Wednesday, October 31, 2007

Christmas Island Christmas stamps

According to Santa Claus can be seen lazing on the beach in Australia Post's latest issue of stamps from Christmas Island.

In a Christmas tradition which began in 1993, Australia Post produces stamps featuring Christmas Island every second year. This year's 45 cent stamp shows Santa arriving at Christmas Island in a tiny yacht piled high with presents, while the 90 cent stamp shows a crane lifting the presents onto the island's jetty.

The $1.10 stamp has Santa resting on the beach, surrounded by presents and overrun by the island's crabs. The stamps are illustrated by Sydney-based artist Lloyd Foye, whose work often explores Australian beach culture.

Australia Post also is celebrating a significant milestone with the release of the 50th issue of Christmas stamps in Australia. Five classic Christmas stamp designs have been selected for the occasion, with each portraying the artistic style, social mood and cultural values of the time.
Bookmark and Share
posted by Don Schilling at 7:01 PM

Tuesday, October 30, 2007

National Postal Museum Receives $1 Million Gift

According to, the Smithsonian's National Postal Museum (shown here) has announced that it has received a $1 million gift from the Motorola Foundation to support the museum's upcoming "Systems At Work" exhibition gallery.

Museum director Allen Kane is quoted as saying, "To process, transport and deliver almost half the world's mail, the U.S. Postal Service has built an infrastructure based on cutting-edge technology. Now, with this very generous gift from the Motorola Foundation, National Postal Museum visitors can discover the fascinating technology behind their mail."

The "Systems At Work" exhibit will unlock the mystery of the mail by explaining what happens after a letter is dropped into a mailbox. The exhibit will showcase technological advances from the colonial past to the present day and explain the workings of a complex network of mail processing and distribution.

To read the entire article, click here.
Bookmark and Share
posted by Don Schilling at 10:31 PM

Youth stamp design contest features lighthouses

Reporter Abby Slutsky of the Fort Wayne, Indiana, Journal Gazette reports lighthouses were the theme of a stamp design contest which was sponsored by the Anthony Wayne Stamp Society and the Fort Wayne Post Office.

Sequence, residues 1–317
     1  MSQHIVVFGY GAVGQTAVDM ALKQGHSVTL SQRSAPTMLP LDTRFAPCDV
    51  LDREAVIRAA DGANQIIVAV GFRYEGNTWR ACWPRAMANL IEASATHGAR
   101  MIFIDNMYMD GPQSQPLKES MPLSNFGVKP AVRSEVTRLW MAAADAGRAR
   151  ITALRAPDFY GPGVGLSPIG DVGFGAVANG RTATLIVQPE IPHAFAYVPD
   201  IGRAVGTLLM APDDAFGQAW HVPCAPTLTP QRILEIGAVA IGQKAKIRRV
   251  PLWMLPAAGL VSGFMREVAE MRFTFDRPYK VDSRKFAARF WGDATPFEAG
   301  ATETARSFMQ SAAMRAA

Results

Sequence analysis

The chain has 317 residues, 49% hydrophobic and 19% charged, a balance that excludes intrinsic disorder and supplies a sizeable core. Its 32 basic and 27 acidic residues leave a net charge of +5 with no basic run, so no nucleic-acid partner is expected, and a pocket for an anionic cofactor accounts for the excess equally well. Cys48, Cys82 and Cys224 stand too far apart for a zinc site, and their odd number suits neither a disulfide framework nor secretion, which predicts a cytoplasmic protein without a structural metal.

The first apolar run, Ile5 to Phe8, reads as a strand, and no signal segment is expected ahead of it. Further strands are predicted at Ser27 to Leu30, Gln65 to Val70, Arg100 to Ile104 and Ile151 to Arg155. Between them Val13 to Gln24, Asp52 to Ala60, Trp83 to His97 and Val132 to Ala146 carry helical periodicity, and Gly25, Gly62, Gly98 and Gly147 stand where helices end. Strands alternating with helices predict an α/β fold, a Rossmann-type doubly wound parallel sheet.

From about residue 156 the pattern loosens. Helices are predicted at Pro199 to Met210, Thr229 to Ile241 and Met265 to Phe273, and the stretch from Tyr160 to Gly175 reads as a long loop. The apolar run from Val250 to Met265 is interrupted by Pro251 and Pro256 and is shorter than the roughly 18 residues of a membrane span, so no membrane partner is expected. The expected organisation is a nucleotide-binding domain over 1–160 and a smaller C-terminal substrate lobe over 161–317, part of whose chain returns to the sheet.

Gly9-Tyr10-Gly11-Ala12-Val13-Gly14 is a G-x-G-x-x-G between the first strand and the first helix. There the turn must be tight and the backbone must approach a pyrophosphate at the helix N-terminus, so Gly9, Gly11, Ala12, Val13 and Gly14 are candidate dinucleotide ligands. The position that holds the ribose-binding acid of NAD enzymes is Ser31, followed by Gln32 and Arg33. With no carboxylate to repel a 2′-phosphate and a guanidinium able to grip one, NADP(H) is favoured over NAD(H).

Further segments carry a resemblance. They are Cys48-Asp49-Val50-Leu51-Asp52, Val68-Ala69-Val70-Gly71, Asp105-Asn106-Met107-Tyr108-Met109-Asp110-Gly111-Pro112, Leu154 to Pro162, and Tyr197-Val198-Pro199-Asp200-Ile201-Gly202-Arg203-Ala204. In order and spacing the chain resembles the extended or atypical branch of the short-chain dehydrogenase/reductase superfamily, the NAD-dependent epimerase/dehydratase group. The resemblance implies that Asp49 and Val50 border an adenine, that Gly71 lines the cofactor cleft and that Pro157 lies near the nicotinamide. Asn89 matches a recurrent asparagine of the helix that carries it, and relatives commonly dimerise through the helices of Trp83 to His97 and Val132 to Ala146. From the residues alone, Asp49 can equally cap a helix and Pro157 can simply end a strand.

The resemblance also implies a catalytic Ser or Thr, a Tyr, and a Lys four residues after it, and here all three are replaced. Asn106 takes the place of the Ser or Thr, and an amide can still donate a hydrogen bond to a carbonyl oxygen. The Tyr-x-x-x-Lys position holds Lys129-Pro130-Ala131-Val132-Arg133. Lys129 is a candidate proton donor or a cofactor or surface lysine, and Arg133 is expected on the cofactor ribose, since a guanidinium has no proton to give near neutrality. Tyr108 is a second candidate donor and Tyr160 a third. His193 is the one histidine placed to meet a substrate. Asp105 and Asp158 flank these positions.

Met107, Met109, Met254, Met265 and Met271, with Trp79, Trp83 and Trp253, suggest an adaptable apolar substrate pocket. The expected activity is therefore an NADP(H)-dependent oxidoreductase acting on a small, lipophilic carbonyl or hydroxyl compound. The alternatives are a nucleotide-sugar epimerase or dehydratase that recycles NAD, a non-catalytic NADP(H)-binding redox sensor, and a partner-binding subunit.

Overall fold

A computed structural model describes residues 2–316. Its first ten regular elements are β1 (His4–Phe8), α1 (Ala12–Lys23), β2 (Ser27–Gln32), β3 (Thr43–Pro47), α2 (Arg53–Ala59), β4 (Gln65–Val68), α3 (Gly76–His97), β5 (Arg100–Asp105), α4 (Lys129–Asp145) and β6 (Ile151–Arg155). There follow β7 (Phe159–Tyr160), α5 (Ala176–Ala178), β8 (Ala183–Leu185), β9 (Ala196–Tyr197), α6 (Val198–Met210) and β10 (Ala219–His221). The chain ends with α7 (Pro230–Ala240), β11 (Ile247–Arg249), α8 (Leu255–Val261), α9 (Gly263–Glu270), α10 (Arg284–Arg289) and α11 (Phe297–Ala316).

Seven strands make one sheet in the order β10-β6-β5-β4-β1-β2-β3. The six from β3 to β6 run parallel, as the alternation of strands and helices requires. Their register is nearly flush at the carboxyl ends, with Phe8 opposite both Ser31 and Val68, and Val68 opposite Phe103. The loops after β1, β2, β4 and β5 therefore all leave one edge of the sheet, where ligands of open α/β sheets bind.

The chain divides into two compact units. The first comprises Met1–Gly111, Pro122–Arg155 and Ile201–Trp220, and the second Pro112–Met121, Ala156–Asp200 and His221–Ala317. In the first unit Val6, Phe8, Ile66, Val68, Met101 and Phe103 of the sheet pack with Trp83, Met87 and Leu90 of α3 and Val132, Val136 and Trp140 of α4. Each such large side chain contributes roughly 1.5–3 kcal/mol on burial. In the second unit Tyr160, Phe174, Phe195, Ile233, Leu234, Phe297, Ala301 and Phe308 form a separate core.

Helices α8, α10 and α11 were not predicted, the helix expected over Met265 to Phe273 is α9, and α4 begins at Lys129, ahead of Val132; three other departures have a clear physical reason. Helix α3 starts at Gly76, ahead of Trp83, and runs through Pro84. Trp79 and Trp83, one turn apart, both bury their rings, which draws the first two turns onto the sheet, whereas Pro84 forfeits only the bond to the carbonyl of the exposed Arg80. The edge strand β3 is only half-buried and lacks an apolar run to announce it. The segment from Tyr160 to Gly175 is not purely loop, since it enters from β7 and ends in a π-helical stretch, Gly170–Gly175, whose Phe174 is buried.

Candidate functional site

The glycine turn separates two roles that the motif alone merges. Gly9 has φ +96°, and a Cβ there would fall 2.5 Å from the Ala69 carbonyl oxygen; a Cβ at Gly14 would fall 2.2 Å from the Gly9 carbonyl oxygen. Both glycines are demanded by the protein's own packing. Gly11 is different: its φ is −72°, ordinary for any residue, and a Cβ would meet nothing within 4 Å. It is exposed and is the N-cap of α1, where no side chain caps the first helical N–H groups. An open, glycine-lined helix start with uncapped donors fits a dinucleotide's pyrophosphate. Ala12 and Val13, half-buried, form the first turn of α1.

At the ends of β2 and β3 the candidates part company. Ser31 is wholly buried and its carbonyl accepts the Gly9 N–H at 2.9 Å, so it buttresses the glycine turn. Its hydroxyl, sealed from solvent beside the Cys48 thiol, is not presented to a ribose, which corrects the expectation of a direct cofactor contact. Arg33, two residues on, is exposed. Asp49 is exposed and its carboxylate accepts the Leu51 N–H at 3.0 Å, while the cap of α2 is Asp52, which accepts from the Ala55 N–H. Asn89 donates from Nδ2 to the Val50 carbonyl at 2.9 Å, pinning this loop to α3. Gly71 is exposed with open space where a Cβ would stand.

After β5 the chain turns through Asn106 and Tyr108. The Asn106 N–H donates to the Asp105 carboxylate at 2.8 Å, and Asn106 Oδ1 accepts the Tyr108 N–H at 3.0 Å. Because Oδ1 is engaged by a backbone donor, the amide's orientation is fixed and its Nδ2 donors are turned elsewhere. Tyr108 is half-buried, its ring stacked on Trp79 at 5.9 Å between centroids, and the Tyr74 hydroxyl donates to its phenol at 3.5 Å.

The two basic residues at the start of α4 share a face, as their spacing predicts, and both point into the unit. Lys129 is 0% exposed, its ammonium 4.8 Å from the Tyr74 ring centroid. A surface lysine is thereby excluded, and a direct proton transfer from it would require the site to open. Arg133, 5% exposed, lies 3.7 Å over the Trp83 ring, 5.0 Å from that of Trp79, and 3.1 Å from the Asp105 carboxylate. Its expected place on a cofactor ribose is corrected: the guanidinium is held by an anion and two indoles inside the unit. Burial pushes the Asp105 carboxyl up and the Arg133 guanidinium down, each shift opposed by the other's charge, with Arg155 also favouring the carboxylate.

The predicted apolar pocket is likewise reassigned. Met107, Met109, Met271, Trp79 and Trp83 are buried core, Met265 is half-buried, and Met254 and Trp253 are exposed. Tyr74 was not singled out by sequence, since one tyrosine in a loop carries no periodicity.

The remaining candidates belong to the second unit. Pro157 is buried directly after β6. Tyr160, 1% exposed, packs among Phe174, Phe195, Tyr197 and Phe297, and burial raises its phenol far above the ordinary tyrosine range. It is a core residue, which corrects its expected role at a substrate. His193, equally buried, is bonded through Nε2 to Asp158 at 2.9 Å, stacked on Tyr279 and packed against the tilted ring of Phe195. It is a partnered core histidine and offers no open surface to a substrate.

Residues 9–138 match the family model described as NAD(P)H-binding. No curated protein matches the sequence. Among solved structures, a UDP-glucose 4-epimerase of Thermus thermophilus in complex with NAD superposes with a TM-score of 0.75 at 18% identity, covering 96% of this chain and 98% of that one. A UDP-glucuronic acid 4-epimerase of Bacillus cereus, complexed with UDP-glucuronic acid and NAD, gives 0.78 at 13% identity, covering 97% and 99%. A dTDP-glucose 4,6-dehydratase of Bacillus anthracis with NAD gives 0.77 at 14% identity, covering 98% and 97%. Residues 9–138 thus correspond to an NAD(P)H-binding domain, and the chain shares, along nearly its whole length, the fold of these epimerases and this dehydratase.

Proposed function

More than 400 entries were submitted.

Six winners were chosen and each received a framed lighthouse stamp art, a certificate and the opportunity to have their stamp design submitted to the U.S. Postal Service’s Citizens’ Stamp Advisory Committee for consideration.

Katie Jeffrey, 16, was the first place winner in the senior division with her painting of a lighthouse at sunset which is shown above.

To read the entire article, click here.
Bookmark and Share
posted by Don Schilling at 12:01 AM

Monday, October 29, 2007

Sunday collections and Royal Mail security lapse

The BBC is reporting that the Royal Mail has ended Sunday postal collections after 17 years in what it calls an effort to improve efficiency.

According to the report, accounting for 1% of all mail posted, items collected on Sundays cost four times as much to process as those collected on other days.

In other postal news from Britain, the Sunday Mail reports the following security lapse... "Our reporter was given work inside Scotland’s biggest sorting office after saying he was agency staff. No one asked him for ID. Incredibly, he spent an hour-and-a-half handling thousands of letters and parcels – some with credit cards, sensitive NHS papers and voter registration documents. No one asked him for ID, no one vetted him, no one asked if he had any experience – and his health and safety training lasted seven seconds."